Willard Van Orman Quine Essay Research Paper

Willard Van Orman Quine Essay, Research Paper

Willard Van Orman Quine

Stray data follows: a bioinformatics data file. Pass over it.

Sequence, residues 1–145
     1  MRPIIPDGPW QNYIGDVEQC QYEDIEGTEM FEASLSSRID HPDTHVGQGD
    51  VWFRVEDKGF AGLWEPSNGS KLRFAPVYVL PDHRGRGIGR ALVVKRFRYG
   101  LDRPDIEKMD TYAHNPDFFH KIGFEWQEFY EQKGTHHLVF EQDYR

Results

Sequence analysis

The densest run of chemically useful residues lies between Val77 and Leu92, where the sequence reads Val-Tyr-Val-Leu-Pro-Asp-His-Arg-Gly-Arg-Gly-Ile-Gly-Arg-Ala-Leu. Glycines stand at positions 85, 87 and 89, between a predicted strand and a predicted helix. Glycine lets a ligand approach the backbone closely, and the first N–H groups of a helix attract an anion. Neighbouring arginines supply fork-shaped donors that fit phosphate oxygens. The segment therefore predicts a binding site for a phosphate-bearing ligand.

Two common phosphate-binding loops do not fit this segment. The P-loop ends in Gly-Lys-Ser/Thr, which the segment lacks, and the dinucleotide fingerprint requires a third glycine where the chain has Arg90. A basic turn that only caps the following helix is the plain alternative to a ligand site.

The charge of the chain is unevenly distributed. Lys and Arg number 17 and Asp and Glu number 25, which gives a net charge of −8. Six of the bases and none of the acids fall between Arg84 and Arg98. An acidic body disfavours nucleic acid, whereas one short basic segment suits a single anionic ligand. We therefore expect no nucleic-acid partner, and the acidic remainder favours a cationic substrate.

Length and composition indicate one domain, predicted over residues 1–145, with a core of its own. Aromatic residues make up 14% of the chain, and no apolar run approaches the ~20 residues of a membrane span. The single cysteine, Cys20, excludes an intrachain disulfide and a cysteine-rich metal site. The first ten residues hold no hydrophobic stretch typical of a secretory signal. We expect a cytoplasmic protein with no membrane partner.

“If pressed to supplement Tweedledee’s ostensive definition of logic with a discursive definition of the same subject, I would say that logic is the systematic study of the logical truths. Pressed further, I would say that a sentence is logically true if all sentences with its grammatical structure are true (”Quotations from the Writings of Willard Van Orman Quine.”).” Often described as the foremost American philosopher of the twentieth century, Willard Van Orman Quine is a significant presence in matters of symbolic logic, as well as other philosophical aspects (Kemerling). Born June 25, 1908 in Akron, Ohio, Quine underwent extensive training in mathematics and philosophy at Oberlin College and Harvard University. He continued training at Prague, under the instruction of Rudolf Carnap. Some of his more widely known publications include: Two Dogmas of Empiricism, Word and Object, From a Logical Point of View, and Philosophy of Logic (”Quine, Willard Van Orman” Britannica CD). Throughout all of Quine’s theories and publications, the central concept is that of Logical Empiricism, and the rejection of Logical Positivism.